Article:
Book Review Hello Camel By Christoph Bangert Reviewed by George Slade "The two-page, full-bleed spreads teem with surprising, unanticipated details: travel posters offering vicarious transport, usually to more aquatic climes; a cardboard, plastic-lined German toilet, situated in the middle of nowhere[...]"
Reviewed by George Slade
Photographs by Christoph Bangert.
Kehrer Verlag, Heidelberg, Germany, 2016. 96 pp., 40 color illustrations, 9½x13¼".
War Porn (reviewed here by Karen Jenkins, August 7, 2014)? In case you didn’t see it, the earlier volume features a selection of, as Jenkins put it, “the most horrific images he has made, on the criterion of past omission rather than aesthetic judgment”—transgressive images, in other words, that defy the norms of contemporary visual culture, hyper-vivid images with a hint of the taboo. War Porn is, as Jenkins writes, a “deeply personal book.” Yet one might, at the same time, say that the images are completely hollowed out or depersonalized; Bangert acknowledges that he can’t remember taking some of them, “as if someone had pushed an erase button in my head” to obliterate the moment of exposure and deny the impulse that led to it.
Hello Camel, by contrast, features a lot of humor, a quality most civilized people would never assign to War Porn. There’s an Elliott Erwitt/Burk Uzzle/Jeff Mermelstein kind of absurdity here, based on anomalies and irony, on situations that seem impossible—yet there they are. “I’ve never laughed as hard as I did in war,” Bangert writes. “Never before or since have I witnessed anything as absurd or strange as armed conflict.” Soldiers standing in the middle of a marijuana field blowing up an abandoned building, the cloud of which might afford a contact high like none other. Two photographs later, a casual cluster of warriors and a pair of legs attached—one assumes, given that these are the non-bloody pictures—to a body shooting in prone position off stage right, the desert setting of this firing range like a scene from Star Wars, complete with a decrepit vehicle on the horizon. In the photograph it’s a burned-out Russian armored vehicle, but the resemblance to a Bantha-II cargo skiff hovering over the Great Pit of Carkoon is remarkable. (Yes, I had to Google that reference.)
The two-page, full-bleed spreads teem with surprising, unanticipated details: travel posters offering vicarious transport, usually to more aquatic climes; a cardboard, plastic-lined German toilet, situated in the middle of nowhere, or what appears to be nowhere, which might actually be somewhere in the disputed territories of Afghanistan (the Bundeswehr, Bangert writes in his pithy end captions, “might be the only force on earth that brings toilets to a battle”); a life-size plastic palm tree and Barbie-sized camel figurines; satellite dishes and a rotary dial telephone; a tattooed female soldier on the edge of a swimming pool wearing what Bangert says “may be the first and only bikini ever worn in Southern Afghanistan”; an Iraqi human pyramid pages after an odd pyramid of five rifles, what appears to be the centerpiece of several hundred parade-resting soldiers’ attention in the midst of an airfield.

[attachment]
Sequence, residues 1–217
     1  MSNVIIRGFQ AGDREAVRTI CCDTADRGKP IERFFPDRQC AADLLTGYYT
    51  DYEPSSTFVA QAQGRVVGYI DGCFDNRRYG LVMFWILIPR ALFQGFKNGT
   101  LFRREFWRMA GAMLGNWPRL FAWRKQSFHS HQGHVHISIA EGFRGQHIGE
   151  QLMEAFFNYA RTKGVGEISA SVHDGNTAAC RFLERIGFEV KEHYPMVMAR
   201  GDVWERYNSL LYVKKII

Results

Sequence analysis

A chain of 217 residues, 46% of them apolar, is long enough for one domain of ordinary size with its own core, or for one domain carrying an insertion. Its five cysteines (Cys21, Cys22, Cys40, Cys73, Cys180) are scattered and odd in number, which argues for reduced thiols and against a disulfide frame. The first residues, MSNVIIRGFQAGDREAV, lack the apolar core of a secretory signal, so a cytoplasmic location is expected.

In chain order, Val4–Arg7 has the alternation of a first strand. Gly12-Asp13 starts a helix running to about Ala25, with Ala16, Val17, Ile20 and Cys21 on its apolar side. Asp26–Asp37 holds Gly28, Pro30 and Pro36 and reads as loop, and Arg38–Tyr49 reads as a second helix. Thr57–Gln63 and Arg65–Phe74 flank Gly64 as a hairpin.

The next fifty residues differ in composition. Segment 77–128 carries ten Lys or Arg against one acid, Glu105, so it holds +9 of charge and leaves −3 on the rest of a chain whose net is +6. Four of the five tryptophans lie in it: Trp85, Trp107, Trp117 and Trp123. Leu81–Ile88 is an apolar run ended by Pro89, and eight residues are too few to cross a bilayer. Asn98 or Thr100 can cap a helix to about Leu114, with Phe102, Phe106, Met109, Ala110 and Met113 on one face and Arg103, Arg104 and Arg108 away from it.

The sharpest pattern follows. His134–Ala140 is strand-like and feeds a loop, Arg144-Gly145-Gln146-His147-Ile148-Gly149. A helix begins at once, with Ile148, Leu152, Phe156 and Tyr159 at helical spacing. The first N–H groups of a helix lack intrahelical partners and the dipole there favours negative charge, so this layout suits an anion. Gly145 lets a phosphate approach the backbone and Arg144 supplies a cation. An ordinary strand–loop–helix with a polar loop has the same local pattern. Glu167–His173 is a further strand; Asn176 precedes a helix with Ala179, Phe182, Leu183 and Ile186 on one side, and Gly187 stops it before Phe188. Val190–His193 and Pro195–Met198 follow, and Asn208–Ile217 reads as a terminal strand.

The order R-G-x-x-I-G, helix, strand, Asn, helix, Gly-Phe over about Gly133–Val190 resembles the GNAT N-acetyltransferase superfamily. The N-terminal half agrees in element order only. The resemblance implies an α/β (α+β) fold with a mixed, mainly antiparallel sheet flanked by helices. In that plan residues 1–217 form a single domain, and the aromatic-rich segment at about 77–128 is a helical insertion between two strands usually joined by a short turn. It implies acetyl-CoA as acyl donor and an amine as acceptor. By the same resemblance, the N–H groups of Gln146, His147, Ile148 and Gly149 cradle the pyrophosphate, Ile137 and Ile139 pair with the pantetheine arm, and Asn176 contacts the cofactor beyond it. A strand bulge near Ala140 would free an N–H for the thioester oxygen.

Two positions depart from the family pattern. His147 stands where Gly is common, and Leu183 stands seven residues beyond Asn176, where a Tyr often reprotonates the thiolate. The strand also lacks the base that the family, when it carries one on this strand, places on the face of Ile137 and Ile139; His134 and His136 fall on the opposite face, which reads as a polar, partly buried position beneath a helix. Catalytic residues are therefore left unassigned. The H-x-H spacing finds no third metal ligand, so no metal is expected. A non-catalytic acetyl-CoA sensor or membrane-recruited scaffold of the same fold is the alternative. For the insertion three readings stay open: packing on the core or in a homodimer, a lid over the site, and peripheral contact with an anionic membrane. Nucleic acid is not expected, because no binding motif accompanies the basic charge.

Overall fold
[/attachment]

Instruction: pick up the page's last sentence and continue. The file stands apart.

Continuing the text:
Throughout, an undeniable scent of transience prevails. Who wants to stay here? What’s the point of all this energy? What is war good for?
On one level, these photographs are as psychologically and emotionally empty as those in War Porn are full to bursting. Concave and cool, as opposed to super-heated convex. But a side-by-side viewing of these two books suggests that they have a great deal in common, and that their design reinforces the nature of the images.
Both books highlight incongruity. It is as hard to rationalize quixotic figures directing tank traffic, peering into rifle range targets, or selling chances to a Fourth of July rubber-duck pond as it is to comprehend the unrelenting violence enacted upon the bodies of War Porn. There is yin and yang to this equation of war. One type of absurdity flows into the other. Remember, tragedy carried to extremes is melodrama, while comedy taken too far is tragic. Bangert serves us well by having produced both volumes.
As presented in the book, War Porn’s images are scarcely large enough to fill two palms. Given the subject matter, one might be grateful for the reserve. Being twice as tall and wide, the new book has and fully utilizes four times the picture area. Although Bangert’s horizontals are laid out one per spread in both books, in the earlier volume they are framed with white margins, as though isolating viewers from the gory reality of those images. In Hello Camel, the images spill out from all sides, flowing into the space of your lap or your desk. But there is something arid about the work, niched as it is in the calculated, mental realm of the ironic. There’s as much distance in this work as there is intense presence in the other.
Bangert closes his introduction with an admission. “The pictures in this book,” he writes, “are not only documents that I hope will give you a glimpse of the profound absurdity that is war, but they are also my own personal cry for normalcy in times of chaos. Ultimately, they are a testimony of my own survival.” As much as the photographs may resemble those of more urbane image-makers, they still reflect an undeniable personal commitment. This is the central shared truth of Bangert’s books. —GEORGE SLADE
GEORGE SLADE, a longtime contributor to photo-eye, is a photography writer, curator, historian and consultant. He can be found online at http://rephotographica-slade.blogspot.com/
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